Woodsawing Antiques Collector Hosts Annual Logging Expo
PENNSBURG, Pa. — At the age of 15, John Haines bought his first chainsaw. Three years later, he purchased a yellow two-man saw. A handful of the different styles of antique saws he has collected over the years are now a part of one of three museums on his property in Pennsburg, Pa.
Besides collecting antique logging equipment, Haines and the many longtime friends who help to support and share his passions throughout the years celebrated their sixth annual Logging Exhibition and Workshop on Jan. 26. From the early hours of the morning until mid-afternoon, between 400 and 500 people passed through his home property in Pennsburg, Montgomery County, Pa., to see the antique woodsawing tools, hit-and-miss engines, and powered saws in action.
A certain nostalgia attracted hobbyists and many other visitors to the logging expo held in mid-winter weather. Anyone was invited to come, mostly through word of mouth advertising, and to bring their own antique woodsawing equipment to showcase it at the event. One flyer advertising last year’s logging expo read: “See the antique equipment cut, split, plane and mill wood as our forefathers did.”
Besides sawing lumber, for example, notching wooden fence posts by hand was demonstrated as part of the logging expo. Many old crosscut saws and chainsaws from the 1950s peppered the snowy grass for those who brought their cherished tools out for display.
In the first year of the logging expo, about 25 of Haines’ close friends joined to cut lumber in the cold. Now that the event gets several hundred visitors each year, Haines and others appreciate the unique opportunity all the more. And the free food for guests helps, too.
“Each year, it grows,” Haines said about the logging expo. “The people who come here enjoy the warmth of the outdoor fire, the food, and seeing their friends. And it was a perfect day with a couple inches of snow and this ambiance.”
Not incidentally, Haines is the “H” in the H&K Group, a large construction materials and contracting excavating firm, based in Skippack, Pa., with a specialty in large-scale land clearing in the mid-Atlantic region.
Nevin Hoffman, 24, of Douglass Township, Montgomery County, Pa., brought several antique chainsaws to the expo. His 9-horsepower Mercury Disston DA-211 chainsaw was used to cut through a thick piece of lumber at the event.
Hoffman’s friend and neighbor, Joe Jordan of Washington Township, Berks County, Pa., helped him with operating the antique equipment.
Originally purchased by Chester Hoffman, a relative on Nevin’s father’s side, around 1952 at Fisher’s Sawmill in Hereford Township, Berks County, Pa., the chainsaw was given to Nevin a few years ago by Chester’s son, Charlie Hoffman.
Coincidentally, another man, named Chester Renninger — Nevin’s mother’s great uncle — “had the land-clearing contract for the construction of Route 100 in the area of the Shell Station near Jakes Flea Market in Barto,” Nevin said.
It turns out that Charlie Hoffman as a young man helped Renninger operate this very same chainsaw to clear the roadway for Route 100 in those early days, Nevin said. He recently got the chainsaw back into working condition.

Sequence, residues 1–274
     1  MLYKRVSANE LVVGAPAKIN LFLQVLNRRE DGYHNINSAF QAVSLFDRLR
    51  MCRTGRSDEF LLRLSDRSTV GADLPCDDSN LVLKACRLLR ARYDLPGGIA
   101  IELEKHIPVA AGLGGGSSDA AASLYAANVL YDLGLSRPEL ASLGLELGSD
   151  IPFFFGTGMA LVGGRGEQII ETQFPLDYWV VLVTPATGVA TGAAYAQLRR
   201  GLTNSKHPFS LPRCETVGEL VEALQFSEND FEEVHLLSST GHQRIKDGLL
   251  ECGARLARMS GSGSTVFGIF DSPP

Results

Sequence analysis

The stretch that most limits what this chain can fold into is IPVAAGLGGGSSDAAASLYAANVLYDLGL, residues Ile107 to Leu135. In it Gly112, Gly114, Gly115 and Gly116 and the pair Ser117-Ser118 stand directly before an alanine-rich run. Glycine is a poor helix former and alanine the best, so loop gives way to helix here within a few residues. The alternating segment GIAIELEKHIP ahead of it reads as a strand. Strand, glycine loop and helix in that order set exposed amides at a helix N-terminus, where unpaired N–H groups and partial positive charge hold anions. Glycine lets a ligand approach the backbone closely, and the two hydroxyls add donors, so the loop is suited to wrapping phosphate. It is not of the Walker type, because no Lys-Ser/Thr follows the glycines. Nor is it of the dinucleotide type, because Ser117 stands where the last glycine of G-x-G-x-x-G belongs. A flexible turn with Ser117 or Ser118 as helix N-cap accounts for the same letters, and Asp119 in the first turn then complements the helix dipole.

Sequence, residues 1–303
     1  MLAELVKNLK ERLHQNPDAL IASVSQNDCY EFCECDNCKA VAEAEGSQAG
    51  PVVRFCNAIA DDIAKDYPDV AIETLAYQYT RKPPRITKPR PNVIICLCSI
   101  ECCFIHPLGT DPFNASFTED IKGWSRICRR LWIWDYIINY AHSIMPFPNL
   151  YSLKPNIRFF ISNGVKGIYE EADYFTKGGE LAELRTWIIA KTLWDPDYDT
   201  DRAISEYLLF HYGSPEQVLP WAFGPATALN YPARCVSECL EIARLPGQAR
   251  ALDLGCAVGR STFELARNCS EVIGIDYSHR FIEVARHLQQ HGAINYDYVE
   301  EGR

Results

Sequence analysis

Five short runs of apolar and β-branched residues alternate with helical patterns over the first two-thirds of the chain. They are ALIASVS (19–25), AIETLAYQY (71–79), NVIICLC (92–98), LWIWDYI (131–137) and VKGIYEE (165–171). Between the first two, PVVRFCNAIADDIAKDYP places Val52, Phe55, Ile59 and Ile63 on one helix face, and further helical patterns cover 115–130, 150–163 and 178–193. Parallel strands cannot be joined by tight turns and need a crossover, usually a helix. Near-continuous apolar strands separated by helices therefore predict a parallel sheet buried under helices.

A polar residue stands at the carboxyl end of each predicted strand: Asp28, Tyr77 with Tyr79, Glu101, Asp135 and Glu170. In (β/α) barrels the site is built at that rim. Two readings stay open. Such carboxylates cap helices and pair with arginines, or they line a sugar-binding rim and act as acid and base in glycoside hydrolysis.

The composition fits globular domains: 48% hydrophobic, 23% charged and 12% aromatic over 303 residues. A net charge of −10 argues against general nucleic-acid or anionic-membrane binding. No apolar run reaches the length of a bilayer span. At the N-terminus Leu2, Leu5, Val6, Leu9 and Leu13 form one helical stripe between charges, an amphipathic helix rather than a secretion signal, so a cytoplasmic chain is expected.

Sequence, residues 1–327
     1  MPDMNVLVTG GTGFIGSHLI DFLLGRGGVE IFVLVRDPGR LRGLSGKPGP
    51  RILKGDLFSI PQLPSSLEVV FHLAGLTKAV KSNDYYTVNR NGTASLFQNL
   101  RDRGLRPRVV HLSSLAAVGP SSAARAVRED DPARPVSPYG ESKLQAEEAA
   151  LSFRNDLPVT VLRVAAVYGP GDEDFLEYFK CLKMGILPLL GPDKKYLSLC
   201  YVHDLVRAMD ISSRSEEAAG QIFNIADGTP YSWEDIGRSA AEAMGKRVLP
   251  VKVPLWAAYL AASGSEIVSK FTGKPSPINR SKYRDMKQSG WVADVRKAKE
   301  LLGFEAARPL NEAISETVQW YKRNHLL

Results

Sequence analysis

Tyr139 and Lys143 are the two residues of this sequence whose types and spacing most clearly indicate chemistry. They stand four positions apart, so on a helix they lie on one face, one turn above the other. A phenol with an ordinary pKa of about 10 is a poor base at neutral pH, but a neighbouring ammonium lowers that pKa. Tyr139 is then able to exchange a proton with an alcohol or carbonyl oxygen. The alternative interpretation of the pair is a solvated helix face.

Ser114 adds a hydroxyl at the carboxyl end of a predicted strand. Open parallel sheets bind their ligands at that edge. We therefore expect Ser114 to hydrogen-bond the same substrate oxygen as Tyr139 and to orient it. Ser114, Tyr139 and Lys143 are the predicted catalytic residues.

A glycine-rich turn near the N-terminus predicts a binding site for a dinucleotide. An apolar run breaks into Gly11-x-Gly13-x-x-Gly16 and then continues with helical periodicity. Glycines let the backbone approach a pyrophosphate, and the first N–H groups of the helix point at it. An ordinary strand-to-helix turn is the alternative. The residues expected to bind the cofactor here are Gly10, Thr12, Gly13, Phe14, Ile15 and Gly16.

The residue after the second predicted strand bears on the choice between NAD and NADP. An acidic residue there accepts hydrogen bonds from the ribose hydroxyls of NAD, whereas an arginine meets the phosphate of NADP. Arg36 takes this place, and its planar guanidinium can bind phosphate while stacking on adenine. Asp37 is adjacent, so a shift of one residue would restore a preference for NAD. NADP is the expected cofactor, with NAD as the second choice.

“I always liked small engines,” Hoffman said. “I get a lot of satisfaction out of bringing something back to running condition when it’s been out of operation for 30 years or more. It’s a real challenge, and I really enjoy that.”
Another attendee, Abraham Allebach, traveled about three hours to get to the expo from Gregg Township, Centre County, Pa., to bring his Durham cattle oxen, Buck and Ben, as well as his spring-born Holstein and Brown Swiss crosses, Dick and Dan, to the event to pull lumber around with chains.
He and his wife, Mary, have been operating Windermere Farms for 50 years and breed Percheron draft horses.
This year also marked the first time Haines’ friends Vernon and Judy Wheeler visited from McDonald’s Corners, Ontario, Canada. The Wheeler family owns Wheelers’ Pancake House and Sugar Camp, where they have created not only a restaurant but a maple museum, early farming museum and logging museum.
The family has more than 600 different models of saws from many decades ago, including a diesel chainsaw from 1951.
The Wheelers tap 26,000 trees each year for maple syrup and have the largest pancake house in Canada, Haines said, noting that he met them through an antique truck collector friend who is also from Canada.
The Wheelers’ pancake house sometimes serves 1,000 patrons per weekend, is open all-year-round and uses 4,000 gallons of maple syrup annually.
Because bringing their antique saws across the U.S. border might pose some difficulties, Judy and Vernon hope to bring maple taffy to Haines’ logging expo next year to share a part of their own work in Canada.
Vernon has been a logger since his youth. He said in the family’s logging displays in Canada, they have a black powder splitter from the late 1800s, and even a pit saw (used to cut lumber while one person stood below in a pit).
Haines’ three museums house other antiques — mostly work trucks from the early 1900s, a recently acquired set of carriages from New York City, including a four-seat carriage, all from around the same era as the work trucks, and a few classic racecars. But the museums also houses antique oil, antifreeze and grease cans and all sorts of remnants of the past.
Haines’ larger museum recently became the home to a 50-piece tractor collection purchased from a farming equipment connoisseur in New Jersey.
Haines’ three museums are available to the public each Saturday for anyone who calls in advance to schedule a visit. Contact Arthur Cooper at 484-576-3952.